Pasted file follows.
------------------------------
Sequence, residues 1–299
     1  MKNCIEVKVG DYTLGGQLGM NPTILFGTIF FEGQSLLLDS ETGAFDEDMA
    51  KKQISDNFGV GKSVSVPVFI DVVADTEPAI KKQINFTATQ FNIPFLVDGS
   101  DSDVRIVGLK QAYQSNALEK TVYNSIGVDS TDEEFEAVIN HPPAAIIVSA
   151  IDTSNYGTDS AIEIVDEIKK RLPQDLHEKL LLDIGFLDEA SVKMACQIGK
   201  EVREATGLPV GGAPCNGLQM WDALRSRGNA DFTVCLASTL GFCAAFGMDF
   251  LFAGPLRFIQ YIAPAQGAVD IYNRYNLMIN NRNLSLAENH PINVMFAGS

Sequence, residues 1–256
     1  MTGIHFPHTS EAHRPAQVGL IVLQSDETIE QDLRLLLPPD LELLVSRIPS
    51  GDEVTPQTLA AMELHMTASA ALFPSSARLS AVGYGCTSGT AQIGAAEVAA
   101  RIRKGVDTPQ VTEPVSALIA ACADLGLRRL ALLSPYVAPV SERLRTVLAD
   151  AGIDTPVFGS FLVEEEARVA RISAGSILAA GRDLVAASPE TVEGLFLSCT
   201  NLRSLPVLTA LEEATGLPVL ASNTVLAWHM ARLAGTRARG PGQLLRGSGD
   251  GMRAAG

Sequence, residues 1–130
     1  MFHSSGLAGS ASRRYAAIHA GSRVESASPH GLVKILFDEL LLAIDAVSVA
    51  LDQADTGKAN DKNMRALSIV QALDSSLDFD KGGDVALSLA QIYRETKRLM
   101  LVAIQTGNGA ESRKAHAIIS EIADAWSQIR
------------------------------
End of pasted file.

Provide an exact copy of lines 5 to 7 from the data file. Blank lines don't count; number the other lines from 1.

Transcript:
   151  IDTSNYGTDS AIEIVDEIKK RLPQDLHEKL LLDIGFLDEA SVKMACQIGK
   201  EVREATGLPV GGAPCNGLQM WDALRSRGNA DFTVCLASTL GFCAAFGMDF
   251  LFAGPLRFIQ YIAPAQGAVD IYNRYNLMIN NRNLSLAENH PINVMFAGS